“Yet they have the nerve to accuse me of interfering with the corporation. They should explain those meetings. They are the ones interfering.”
He said the case against him only came after he refused to pay the bonuses.

“That is when they decided to tarnish my image with unfounded allegations.”
“In fact I did not really refuse to allow the bonuses. I merely said there should be a basis for paying those bonuses. I told them to go and come up with a performance contract that justifies those bonuses but they did not bring it. Instead they start suing me.

“I am coming after them. They will have to repay every penny unjustifiably earned.”
The huge allowances have triggered concerns within the LNDC, with some employees pointing out the board members are now being paid like employees.
“This is an extremely nosy board that is out to get as much as it can from the corporation,” said an employee who refused to be named.

“Its micromanagement at its best but the real target seems to be money,’’ said another who also requested anonymity.
“Never before has the LNDC paid so much to a board. This board simply does not understand that being a board member is not a form of employment.”
Another employee described the board “as a team of young and overzealous people with no understanding of their limit in the corporation.”
“They forget that theirs is a role of oversight and not operational. They simply don’t get it at all,” he said.

“There are three bad apples in that board. The noisiest ones either have no real jobs or they are failed business people or running some tiny projects. They come into LNDC and think this is where they will earn their bread.”

But board chairperson Lehohla says that is an unfair characterisation. Last night she said some of the issues needed proper clarification and context to understand them.

She said as an employee of the ministry she will not want to directly address the minister but would rather provide a general perspective that is neutral.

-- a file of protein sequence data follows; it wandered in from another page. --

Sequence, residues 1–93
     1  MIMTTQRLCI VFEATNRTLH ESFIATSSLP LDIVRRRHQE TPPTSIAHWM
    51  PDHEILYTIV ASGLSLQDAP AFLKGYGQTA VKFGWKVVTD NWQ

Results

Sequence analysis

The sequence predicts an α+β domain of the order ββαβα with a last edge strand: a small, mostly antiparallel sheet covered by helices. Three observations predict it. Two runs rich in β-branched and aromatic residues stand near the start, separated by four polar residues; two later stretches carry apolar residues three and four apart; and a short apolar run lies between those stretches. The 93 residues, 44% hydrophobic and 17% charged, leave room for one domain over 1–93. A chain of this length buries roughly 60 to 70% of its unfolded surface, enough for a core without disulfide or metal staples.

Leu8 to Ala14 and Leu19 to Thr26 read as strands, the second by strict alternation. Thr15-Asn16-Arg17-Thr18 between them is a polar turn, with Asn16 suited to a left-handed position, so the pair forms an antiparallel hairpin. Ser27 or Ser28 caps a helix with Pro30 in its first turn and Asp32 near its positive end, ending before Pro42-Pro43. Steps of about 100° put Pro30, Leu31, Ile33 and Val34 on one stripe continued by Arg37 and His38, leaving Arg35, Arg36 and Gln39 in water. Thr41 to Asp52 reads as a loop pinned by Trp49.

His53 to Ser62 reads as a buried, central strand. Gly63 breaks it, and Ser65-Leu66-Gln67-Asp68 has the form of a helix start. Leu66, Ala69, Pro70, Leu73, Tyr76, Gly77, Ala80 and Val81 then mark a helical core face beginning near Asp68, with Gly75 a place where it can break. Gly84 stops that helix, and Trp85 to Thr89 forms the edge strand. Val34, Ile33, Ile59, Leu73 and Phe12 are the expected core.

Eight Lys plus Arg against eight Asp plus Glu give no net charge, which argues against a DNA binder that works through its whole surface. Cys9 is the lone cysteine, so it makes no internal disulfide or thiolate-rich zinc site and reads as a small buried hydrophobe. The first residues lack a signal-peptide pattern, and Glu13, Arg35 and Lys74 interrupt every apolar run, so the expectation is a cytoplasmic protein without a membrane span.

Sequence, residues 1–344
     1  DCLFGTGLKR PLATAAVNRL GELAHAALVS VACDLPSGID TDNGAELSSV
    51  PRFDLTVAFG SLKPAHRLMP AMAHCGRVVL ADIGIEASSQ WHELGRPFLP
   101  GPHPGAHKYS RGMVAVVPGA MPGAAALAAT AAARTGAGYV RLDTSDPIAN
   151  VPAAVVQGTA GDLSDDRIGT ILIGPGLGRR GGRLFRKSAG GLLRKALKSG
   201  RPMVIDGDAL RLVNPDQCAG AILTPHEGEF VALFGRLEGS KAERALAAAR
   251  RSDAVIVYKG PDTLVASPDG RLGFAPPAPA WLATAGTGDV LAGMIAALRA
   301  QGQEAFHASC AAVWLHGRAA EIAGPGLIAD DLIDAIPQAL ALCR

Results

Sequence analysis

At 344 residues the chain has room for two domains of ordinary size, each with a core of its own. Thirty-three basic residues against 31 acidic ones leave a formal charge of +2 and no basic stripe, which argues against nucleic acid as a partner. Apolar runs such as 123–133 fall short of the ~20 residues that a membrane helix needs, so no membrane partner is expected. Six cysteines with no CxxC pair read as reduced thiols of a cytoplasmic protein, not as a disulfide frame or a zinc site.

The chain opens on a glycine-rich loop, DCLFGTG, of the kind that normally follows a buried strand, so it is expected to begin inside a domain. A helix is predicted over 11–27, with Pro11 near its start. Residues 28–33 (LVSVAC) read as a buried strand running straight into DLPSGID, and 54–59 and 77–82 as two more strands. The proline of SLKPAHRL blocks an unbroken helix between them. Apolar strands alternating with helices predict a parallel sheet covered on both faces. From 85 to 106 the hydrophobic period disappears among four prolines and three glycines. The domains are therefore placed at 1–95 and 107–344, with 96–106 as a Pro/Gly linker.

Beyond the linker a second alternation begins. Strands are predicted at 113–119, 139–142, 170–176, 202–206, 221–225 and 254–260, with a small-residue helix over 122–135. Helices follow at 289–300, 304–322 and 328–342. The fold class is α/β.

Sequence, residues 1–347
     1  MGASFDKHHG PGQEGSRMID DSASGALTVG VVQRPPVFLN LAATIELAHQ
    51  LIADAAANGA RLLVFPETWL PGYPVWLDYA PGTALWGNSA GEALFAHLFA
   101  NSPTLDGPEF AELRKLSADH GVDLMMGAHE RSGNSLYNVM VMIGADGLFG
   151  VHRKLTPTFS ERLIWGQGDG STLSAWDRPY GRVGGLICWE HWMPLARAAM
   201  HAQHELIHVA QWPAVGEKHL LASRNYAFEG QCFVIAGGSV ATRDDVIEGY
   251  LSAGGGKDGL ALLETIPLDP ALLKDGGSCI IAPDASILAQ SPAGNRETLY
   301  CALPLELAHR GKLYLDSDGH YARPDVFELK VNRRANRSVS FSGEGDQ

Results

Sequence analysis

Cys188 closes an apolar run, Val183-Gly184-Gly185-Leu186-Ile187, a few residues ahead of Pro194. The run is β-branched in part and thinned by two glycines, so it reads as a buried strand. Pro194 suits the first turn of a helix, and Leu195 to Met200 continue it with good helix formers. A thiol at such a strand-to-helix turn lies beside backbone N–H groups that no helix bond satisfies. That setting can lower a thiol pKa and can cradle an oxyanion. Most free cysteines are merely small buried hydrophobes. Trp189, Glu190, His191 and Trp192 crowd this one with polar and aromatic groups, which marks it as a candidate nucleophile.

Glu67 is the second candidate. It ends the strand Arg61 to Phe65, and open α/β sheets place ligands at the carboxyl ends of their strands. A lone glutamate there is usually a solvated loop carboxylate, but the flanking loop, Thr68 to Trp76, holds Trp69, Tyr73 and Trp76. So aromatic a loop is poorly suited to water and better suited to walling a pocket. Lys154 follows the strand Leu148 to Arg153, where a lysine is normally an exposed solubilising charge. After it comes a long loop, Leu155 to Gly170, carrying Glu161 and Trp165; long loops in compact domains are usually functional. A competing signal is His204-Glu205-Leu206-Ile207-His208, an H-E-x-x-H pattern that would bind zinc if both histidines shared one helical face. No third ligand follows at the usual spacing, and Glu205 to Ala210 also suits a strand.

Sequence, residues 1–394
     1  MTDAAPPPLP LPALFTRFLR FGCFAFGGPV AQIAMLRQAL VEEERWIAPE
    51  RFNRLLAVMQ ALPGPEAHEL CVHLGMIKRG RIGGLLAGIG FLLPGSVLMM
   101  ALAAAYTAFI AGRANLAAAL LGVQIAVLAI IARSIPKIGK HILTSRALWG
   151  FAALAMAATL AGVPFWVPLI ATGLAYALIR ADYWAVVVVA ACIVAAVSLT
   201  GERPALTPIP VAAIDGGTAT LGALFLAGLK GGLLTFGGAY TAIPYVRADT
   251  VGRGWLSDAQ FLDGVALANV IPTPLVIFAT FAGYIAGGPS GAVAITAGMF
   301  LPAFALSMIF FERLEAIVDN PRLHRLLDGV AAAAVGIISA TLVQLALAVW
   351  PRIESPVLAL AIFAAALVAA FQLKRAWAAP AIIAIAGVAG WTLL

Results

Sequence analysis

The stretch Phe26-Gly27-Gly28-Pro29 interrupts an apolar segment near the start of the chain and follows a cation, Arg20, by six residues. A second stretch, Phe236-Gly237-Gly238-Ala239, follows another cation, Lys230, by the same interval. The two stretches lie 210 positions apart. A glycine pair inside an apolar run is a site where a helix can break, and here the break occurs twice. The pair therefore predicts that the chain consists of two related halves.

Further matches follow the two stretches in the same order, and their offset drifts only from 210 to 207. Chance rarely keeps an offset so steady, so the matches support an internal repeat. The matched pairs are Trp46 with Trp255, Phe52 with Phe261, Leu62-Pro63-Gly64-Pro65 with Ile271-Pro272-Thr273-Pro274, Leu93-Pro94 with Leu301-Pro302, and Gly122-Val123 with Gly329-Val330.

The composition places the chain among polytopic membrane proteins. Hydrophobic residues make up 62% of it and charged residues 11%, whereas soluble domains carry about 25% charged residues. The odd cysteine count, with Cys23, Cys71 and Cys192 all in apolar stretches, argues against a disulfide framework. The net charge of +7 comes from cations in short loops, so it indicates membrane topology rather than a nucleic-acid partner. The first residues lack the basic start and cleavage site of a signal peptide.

“It is unfair to create an impression of looting because there was no such,” she said. “The board was dealing with the disciplinary hearing of the former chief executive and the construction was met quite a number of times to deal with the big LNDC projects”.

She said because the board had been suspended for some time there was a backlog.
“There was a long list of issues to be handled. People should also know that the board is supposed to have 11 members but it currently has only nine. That means those had to be in more committees.”

On the bonuses Lehohla said the minister did not refuse to approve but wanted a contract to justify paying them.
As for the allegations of being nosy and overzealous Lehohla believes “that is the perception of people who do not understand the kind of issues the board had to deal with when it came into office.”

“The board was asking questions and demanding accountability. It refused to be a rubberstamp so for the first time people had to answer questions and provide documents to support their actions”.

“Asking those questions and scrutinising things might have come across as being nosy but we were just doing our work to the best of our abilities”.
Another board member said there was nothing amiss about the payments because they were “legitimately earned”.

“In any case most of those meetings were at the instigation of the minister. I would say 70 percent of the meetings were dealing with the minister’s issues”.
But Setipa described that allegation as “nonsense”.

“They should prove that with minutes of those meetings. I think I met them only twice,” he said.

Staff Reporter